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News Intel to launch sub-10W Ivy Bridge Y chips at CES

Discussion in 'Article Discussion' started by Gareth Halfacree, 4 Jan 2013.

  1. Gareth Halfacree

    Gareth Halfacree WIIGII! Staff Administrator Super Moderator Moderator

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  2. r3loaded

    r3loaded Well-Known Member

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    Well, you didn't expect to buy BGA soldered chips from Scan did you? :p

    I'm guessing that these Y series will crop up in the Surface Pro?
     
  3. Anfield

    Anfield Well-Known Member

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    its likely that they are headed for the surface pro yep, although given that haswell is around the corner I'd say don't buy a surface pro and wait for the surface pro 2 or whatever they'll end up calling it.
     
  4. Stelph

    Stelph Member

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    This news has certainly made me re-think buying a Clover Trail tablet if the release of these chips is so close! At the very least it should cause a dip in the price of the one im most interested in (Acer W510)

    I do wonder however if there will be any performance benefit from these new chips or if it is simply power saving only, considering the W510 is capable of 8 hours (plus 8 hours more from the keyboard dock battery) these new chips will certainly be impressive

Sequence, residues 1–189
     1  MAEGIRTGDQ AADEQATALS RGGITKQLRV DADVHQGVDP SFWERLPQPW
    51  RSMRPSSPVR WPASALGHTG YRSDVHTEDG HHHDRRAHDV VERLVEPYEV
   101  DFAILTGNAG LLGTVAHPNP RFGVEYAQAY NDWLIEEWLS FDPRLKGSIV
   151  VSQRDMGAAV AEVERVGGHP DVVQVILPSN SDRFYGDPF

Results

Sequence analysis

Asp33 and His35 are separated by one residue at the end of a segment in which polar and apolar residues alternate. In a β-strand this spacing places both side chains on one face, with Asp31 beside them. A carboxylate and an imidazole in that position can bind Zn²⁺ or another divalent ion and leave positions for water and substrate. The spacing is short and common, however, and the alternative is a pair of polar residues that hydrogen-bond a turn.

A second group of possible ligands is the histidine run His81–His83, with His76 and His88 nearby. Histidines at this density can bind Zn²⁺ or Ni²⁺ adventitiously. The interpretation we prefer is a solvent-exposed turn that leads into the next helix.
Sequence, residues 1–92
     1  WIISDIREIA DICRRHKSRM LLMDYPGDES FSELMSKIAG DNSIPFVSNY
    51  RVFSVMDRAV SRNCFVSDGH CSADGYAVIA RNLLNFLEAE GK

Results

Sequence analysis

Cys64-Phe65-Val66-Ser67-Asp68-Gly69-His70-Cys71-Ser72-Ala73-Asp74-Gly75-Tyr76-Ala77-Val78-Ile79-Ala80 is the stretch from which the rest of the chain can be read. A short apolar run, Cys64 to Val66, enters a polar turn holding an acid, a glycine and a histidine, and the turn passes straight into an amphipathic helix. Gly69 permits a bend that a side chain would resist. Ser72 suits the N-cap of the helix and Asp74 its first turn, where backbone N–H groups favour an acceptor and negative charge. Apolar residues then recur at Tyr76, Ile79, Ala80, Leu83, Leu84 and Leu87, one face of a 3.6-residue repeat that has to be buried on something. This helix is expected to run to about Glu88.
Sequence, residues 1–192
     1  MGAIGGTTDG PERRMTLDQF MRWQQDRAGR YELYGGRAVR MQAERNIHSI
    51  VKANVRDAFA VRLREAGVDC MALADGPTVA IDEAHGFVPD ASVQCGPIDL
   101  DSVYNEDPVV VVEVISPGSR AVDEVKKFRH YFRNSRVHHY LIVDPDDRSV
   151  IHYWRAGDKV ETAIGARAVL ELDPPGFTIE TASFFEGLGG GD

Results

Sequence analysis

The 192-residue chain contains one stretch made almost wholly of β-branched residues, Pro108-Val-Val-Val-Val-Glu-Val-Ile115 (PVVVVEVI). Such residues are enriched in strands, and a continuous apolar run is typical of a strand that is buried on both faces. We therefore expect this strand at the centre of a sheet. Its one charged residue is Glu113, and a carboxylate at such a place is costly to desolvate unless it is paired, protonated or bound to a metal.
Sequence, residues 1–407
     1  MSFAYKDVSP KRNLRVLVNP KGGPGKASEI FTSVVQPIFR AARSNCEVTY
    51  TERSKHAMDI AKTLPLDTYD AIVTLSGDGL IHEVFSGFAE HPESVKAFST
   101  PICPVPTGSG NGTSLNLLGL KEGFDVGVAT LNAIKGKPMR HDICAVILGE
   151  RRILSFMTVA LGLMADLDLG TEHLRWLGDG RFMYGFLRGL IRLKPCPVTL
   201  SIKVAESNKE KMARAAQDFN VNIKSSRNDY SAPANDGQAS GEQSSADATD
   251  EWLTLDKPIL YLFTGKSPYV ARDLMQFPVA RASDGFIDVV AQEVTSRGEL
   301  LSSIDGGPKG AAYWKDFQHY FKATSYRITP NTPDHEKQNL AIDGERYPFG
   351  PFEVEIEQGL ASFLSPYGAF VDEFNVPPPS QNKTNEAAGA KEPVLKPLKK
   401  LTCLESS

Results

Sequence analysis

Why cant smartphones have similar leaps in battery life?
     
  5. greigaitken

    greigaitken Member

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    even if intel could flick a switch and get tdp to 1 watt, still doesnt do all that much for battery life when you still have to power the screen. If intel spent their next 10bn on battery tech instead, you'd get a better result, but then that would dilute their manufacturing advantage...
     
  6. jrs77

    jrs77 Well-Known Member

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    Seeing the current i3-3217UE sitting at 17W, someone has to ask what they cut down to lower the power by almost half.

    Maybe reducing clockspeed to 1-1.2 GHz and cutting down the iGPU aswell.
     
  7. azazel1024

    azazel1024 New Member

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    Likely reduced clock speeds of GPU and CPU combined with probably cherry picking the chips further than what is done for the ULV parts and then running at even lower voltages.

    It might even involve going so far as changing the actual transistors on the chip to be extremely low leakage transistors.

    Currently ULV Ivy Bridge chips seem to run roughly 4w per core loaded, so just the CPU end of things already is sub 10W TDP, though that doesn't include GPU or the other on die stuff (which when maxed out can push things to roughly 20w...which means TDP is exceeded, which results in the GPU being throttled a bit, to roughly 900Mhz to get back under the 17w TDP after a minute or so of turbo speeds exceeding TDP).

    I'd would imagine that we are going to be looking at chips running in the 1-1.5Ghz range maybe with turbos that could boost them to 1.4-2Ghz range and probably a GPU running around 250Mhz base clock with maybe turbos in the 500-800Mhz range.